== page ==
For the last few years, I've been quietly struggling with anxiety and depression. On the 23rd of January, a little after midnight, I experienced my first ever full-blown panic attack. It was one of the scariest moments of my entire life. I thought that I was going to die.
A few hours earlier, I was sat in my home office worried about the dull ache I was experiencing in my stomach going on for almost a month. I went to bed, like previous nights, hoping that it would go away.
After falling asleep for an hour or so, I woke up with sudden cramps and increasing dull pains in my stomach.
I was sweating as if I had a fever, with my heart pounding hard. I had pins and needles in both my hands and feet. My legs, in fact, felt so wobbly with the tremors that I couldn't even step out of bed without collapsing to the floor.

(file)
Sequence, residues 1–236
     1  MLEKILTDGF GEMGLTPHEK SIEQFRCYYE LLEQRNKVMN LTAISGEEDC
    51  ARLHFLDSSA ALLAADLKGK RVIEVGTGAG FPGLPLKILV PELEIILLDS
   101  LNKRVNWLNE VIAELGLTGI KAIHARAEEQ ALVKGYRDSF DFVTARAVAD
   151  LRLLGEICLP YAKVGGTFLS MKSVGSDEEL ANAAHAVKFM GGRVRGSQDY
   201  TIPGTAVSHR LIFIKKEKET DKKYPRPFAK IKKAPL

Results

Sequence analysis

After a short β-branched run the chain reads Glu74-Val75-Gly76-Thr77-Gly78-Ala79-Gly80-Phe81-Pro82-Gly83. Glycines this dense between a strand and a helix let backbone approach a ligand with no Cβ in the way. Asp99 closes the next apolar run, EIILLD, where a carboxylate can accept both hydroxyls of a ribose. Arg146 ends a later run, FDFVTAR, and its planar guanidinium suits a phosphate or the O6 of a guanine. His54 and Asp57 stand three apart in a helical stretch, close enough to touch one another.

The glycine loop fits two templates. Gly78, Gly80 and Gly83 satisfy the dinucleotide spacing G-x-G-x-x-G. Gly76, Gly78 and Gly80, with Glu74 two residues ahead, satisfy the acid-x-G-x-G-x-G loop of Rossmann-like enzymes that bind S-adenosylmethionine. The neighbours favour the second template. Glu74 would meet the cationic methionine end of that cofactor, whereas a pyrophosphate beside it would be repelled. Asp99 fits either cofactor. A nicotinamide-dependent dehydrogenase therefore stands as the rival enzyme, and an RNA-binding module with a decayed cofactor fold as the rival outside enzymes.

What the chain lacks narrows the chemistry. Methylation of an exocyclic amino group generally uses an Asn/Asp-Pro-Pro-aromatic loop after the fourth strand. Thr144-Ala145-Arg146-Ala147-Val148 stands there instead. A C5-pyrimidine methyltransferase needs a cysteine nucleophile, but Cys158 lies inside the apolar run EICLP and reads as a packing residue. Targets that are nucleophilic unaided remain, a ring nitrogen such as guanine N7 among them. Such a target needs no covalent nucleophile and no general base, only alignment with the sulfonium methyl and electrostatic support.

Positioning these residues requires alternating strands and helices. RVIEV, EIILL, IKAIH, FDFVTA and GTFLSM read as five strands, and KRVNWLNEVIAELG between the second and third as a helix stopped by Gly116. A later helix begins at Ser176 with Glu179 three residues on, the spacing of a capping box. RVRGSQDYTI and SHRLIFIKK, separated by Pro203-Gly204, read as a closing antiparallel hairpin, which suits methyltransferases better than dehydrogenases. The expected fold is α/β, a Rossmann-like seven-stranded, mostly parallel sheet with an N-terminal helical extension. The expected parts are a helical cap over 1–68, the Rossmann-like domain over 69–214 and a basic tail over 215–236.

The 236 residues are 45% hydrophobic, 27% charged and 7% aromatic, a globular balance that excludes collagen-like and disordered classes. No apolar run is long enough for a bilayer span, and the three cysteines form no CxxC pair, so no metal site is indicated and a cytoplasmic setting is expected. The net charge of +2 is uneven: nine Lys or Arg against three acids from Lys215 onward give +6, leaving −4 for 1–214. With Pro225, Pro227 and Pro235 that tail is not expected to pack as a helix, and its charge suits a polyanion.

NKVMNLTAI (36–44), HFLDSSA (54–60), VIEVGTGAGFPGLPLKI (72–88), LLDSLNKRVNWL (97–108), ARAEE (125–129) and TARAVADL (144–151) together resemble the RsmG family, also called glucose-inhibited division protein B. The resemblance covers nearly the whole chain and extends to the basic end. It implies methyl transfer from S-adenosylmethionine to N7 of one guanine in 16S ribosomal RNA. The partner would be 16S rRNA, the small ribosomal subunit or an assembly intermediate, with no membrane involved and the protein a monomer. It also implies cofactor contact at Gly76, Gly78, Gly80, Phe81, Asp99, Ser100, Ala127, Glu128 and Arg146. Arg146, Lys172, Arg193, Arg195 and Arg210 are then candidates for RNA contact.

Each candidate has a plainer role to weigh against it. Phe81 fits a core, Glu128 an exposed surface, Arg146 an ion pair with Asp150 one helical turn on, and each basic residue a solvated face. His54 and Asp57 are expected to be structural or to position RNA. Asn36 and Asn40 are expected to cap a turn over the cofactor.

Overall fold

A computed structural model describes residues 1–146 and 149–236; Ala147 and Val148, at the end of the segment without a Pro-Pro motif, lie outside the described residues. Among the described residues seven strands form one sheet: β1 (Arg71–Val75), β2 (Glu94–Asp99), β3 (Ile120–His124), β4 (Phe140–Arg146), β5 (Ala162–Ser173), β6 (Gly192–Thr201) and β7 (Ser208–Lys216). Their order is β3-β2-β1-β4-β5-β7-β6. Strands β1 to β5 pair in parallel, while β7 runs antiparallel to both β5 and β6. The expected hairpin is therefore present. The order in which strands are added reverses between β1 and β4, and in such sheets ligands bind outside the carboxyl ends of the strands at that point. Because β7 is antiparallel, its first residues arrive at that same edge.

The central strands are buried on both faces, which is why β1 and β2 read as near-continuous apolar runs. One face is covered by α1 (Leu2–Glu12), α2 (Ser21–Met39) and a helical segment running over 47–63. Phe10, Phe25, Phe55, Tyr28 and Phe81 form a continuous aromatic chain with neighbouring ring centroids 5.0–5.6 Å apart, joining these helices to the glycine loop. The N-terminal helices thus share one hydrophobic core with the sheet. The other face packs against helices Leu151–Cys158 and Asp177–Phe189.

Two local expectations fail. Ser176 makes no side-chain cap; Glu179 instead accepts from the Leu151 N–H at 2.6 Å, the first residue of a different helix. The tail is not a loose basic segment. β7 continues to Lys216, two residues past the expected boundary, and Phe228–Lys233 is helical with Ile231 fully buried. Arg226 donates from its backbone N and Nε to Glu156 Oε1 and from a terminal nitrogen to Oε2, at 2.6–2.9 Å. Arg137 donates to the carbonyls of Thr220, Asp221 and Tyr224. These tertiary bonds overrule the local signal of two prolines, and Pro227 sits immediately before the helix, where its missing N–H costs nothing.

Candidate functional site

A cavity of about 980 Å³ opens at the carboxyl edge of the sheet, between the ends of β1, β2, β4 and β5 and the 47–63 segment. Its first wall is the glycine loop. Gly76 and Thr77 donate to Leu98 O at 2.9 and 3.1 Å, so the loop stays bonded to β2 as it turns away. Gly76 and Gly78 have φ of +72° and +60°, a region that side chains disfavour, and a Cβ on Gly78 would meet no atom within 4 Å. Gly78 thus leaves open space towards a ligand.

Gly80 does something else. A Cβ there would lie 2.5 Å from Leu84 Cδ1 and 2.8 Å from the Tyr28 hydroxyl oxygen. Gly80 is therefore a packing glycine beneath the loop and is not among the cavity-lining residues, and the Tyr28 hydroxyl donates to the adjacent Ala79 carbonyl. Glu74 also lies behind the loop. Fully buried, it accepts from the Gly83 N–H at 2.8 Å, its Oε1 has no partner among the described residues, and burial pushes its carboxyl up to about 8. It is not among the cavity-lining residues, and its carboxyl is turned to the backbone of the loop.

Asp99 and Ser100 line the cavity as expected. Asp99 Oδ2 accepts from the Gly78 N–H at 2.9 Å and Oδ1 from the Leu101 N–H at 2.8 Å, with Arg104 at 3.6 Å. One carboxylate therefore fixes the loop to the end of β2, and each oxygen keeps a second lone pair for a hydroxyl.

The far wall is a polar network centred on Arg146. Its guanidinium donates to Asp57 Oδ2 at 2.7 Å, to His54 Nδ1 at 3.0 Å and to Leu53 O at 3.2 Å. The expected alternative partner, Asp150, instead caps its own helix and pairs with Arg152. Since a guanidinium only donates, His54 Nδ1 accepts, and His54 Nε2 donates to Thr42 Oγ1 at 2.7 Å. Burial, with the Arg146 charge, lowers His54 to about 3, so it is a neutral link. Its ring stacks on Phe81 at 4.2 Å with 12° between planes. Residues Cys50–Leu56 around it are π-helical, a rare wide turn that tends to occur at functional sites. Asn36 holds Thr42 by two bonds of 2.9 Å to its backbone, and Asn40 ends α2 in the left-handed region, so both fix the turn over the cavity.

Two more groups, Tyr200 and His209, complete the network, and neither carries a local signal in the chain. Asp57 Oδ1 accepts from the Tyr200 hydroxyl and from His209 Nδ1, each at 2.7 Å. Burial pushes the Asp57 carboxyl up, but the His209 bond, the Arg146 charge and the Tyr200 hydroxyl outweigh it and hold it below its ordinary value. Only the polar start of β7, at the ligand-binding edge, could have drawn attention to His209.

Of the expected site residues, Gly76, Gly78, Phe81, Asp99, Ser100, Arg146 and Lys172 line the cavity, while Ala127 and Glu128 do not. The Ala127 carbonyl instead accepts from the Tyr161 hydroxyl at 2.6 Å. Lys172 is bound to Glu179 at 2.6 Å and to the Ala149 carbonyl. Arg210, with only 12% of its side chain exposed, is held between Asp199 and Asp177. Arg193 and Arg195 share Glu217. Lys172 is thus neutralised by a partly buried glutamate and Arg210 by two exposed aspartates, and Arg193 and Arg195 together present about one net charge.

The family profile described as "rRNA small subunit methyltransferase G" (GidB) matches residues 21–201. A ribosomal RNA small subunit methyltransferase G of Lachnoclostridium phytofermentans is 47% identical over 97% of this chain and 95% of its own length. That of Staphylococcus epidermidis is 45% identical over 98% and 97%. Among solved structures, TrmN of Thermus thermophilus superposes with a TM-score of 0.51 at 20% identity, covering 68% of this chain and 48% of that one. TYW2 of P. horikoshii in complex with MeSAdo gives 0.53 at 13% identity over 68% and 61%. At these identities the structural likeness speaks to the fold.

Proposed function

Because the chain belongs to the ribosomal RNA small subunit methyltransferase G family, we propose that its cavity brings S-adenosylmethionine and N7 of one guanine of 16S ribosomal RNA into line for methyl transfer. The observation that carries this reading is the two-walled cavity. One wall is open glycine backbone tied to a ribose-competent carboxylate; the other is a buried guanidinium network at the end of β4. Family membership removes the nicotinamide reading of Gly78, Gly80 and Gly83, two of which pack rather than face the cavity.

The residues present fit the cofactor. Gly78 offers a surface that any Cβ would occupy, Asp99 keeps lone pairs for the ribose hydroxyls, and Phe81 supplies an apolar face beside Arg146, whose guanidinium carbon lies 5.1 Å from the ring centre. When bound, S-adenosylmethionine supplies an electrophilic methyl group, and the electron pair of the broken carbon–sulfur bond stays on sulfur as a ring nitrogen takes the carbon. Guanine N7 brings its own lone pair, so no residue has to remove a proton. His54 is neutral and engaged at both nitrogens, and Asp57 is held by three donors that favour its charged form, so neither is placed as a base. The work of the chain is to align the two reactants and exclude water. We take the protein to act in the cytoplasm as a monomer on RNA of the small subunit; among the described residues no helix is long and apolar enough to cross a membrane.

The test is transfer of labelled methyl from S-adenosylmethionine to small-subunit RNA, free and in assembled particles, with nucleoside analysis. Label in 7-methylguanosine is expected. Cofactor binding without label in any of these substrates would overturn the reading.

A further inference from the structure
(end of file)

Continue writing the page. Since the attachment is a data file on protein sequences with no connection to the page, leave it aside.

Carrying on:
To top it all off, I felt dizzy, confused, and overwhelmed by fear. I was having a panic attack.
The attack lasted no more than 10 minutes or so. I was so worried and convinced that I was having a heart attack that my wife ended up calling the emergency services.
Half an hour later, the ambulance pulled up outside our house and I was off to the hospital to spend the rest of the night, my mind still racing, fearing for the worst.
If you want to conquer the anxiety of life, live in the moment, live in the breath.Amit Ray
The small hours of the morning flew by quite quickly in the hospital. By which then, I was completely calm again but unable to sleep due to the adrenalin rush in my body and the noise in the hospital.
I was having a lot of tests done. You name it I had done. They took all the samples they needed, blood too. I had several ECG's, and a full physical assessment. They found nothing. All the results that came back were clear.
I was then discharged from the hospital around 5am the following day. so, I made an appointment to see my doctor on the same day.
After explaining to my doctor what had happened, he gave me a further health check. My doctor confirmed that I had experienced a panic or anxiety attack. Most likely brought on by being overly anxious about the dull pains in my stomach.
As it turned out in fact, the dull ached in my stomach was a small ulcer, which I received medication for. I was then sent home to deal with the rest.
It wasn't over.